No security threat has received more attention in the last year or so than botnets, and with good reason.
Trojans such as Storm, the Nugache worm and a host of other botnets have compromised millions of PCs, most without the knowledge of the machine's owners, and perhaps more worrisome, without the knowledge of the antivirus software on those machines.
In a recent interview about the botnet problem and the ways Trojan authors are evading antivirus and other defenses, Dave Dittrich of the University of Washington says malware authors have gotten to where it's not even a challenge for them to bypass security software. All it takes are seemingly insignificant changes in the text of a malicious email or the code. And if AV engines are only seeing a handful of each version of the malware, it doesn't look like a big outbreak and raise the alarm.
"It's become a classic longtail problem," Dittrich says.
In a sign the NAC market hasn't been the gold mine many vendors thought it would be, Vernier Networks has quietly relaunched itself under the new name Autonomic Networks. The company confirmed the name change in early January but wouldn't reveal details about its new direction until the official relaunch, scheduled for sometime in the first quarter of 2008.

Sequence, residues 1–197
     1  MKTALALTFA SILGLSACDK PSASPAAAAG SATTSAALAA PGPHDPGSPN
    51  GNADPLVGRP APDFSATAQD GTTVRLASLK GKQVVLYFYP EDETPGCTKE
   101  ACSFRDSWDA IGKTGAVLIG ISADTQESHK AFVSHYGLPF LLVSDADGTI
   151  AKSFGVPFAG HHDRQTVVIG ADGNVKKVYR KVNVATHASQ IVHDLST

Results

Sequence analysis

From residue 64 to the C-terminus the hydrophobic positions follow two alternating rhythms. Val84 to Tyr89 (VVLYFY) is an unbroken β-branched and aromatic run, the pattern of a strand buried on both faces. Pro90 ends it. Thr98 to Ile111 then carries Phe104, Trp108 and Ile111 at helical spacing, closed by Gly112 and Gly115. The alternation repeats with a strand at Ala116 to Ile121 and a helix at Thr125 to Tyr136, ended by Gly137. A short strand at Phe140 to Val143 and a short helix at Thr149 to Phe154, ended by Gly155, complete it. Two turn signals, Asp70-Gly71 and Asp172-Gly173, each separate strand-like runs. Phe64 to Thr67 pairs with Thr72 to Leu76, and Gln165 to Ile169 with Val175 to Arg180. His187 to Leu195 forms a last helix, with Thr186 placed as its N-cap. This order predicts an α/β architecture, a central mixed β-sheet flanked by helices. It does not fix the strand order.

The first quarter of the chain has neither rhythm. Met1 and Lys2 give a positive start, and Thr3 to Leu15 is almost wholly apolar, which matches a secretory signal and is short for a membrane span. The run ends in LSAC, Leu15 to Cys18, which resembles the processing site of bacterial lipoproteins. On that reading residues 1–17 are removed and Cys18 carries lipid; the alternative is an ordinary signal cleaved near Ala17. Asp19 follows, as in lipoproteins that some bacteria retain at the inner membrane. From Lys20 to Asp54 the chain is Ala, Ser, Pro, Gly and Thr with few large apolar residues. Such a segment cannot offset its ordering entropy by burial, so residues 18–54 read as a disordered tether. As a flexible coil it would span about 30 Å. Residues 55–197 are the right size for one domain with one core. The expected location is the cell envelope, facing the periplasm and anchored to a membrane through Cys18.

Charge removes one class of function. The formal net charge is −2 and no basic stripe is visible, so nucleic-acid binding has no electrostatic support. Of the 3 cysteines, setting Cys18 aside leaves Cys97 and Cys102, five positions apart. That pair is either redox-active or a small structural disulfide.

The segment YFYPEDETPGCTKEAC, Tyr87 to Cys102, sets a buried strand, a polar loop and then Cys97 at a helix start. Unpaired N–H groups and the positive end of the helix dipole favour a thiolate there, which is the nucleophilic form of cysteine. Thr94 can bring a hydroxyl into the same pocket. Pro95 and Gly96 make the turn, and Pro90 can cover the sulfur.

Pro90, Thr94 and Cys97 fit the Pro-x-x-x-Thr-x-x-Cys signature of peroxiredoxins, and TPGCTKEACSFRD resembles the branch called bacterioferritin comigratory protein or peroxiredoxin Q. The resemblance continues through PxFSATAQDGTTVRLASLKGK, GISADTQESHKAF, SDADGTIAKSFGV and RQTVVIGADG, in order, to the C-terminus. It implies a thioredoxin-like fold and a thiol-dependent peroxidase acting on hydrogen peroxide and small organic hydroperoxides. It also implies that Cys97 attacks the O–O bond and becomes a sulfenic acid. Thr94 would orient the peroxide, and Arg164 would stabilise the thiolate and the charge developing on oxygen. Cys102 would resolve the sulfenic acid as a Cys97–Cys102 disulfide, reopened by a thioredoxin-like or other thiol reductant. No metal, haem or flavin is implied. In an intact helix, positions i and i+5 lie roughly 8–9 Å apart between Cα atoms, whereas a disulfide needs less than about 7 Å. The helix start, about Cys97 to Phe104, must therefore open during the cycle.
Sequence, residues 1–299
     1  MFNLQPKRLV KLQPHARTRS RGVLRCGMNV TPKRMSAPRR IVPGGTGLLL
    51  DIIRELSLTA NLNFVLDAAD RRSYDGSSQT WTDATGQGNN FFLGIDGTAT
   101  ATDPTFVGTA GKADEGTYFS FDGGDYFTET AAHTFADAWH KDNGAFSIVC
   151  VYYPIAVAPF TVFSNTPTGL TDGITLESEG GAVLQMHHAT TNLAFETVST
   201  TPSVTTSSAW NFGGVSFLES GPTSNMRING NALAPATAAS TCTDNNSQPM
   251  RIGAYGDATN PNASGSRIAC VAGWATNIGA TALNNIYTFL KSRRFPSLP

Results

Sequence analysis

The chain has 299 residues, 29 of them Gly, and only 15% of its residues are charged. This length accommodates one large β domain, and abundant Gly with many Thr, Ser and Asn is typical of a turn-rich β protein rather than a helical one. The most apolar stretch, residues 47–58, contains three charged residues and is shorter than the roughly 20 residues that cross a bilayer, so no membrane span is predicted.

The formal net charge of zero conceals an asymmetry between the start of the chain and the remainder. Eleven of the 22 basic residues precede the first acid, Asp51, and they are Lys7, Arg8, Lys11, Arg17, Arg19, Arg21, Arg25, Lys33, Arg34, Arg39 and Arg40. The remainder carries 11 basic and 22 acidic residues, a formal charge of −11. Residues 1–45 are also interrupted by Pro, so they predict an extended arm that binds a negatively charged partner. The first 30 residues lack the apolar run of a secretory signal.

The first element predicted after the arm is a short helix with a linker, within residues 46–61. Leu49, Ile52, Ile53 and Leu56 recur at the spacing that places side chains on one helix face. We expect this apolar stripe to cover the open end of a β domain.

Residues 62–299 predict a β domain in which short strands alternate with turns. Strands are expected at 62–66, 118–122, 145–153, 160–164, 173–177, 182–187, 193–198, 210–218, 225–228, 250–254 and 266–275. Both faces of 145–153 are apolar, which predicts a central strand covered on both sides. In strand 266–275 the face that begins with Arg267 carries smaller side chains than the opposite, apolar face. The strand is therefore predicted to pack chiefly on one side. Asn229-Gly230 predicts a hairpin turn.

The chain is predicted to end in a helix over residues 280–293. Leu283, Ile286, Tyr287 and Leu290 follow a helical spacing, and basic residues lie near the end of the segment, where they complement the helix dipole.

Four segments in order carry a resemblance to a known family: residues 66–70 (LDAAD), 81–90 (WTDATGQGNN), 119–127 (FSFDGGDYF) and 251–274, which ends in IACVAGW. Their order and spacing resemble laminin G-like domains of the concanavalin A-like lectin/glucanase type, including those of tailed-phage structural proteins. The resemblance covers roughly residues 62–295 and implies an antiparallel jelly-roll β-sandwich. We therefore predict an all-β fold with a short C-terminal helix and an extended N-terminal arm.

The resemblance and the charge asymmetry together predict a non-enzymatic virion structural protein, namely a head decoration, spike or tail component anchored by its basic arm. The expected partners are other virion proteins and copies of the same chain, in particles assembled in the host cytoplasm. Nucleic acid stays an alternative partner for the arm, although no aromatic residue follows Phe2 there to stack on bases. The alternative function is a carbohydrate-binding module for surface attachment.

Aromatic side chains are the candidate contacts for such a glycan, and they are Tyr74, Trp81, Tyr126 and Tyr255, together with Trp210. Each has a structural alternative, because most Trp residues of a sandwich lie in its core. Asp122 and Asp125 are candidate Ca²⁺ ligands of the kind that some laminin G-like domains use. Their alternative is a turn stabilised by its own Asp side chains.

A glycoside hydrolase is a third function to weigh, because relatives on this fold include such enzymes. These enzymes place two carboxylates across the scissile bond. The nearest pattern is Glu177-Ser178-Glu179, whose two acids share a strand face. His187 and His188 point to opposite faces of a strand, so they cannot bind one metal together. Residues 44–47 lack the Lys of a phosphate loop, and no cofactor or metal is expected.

Paul Roberts, a senior analyst with The 451 Group, says Vernier may be changing direction because the NAC market hasn't generated the interest vendors had initially expected. Many consider NAC complicated and expensive, and have found ways to bolster access control using the technology they already have.
Sears and spyware
Retail giant Sears has decided it's OK to use spyware on its customers. Ben Googins, a senior researcher in CA's antispyware division, tripped over the practice during some online holiday shopping and outlined his experience in the CA blog. Sears.com is distributing spyware that tracks all of a customer's Internet usage--including banking logins, email and all other forms--all in the name of "community participation," Googins says.
Every Web site visitor who joins the Sears community installs software that acts as a proxy to every Web transaction made on the compromised computer. In other words, he says, "If you have installed Sears software (the proxy) on your system, all data transmitted to and from your system will be intercepted."
Sears claims the practice is above board and covered in its end user license agreement, but security experts say the license agreement language is vague at best.
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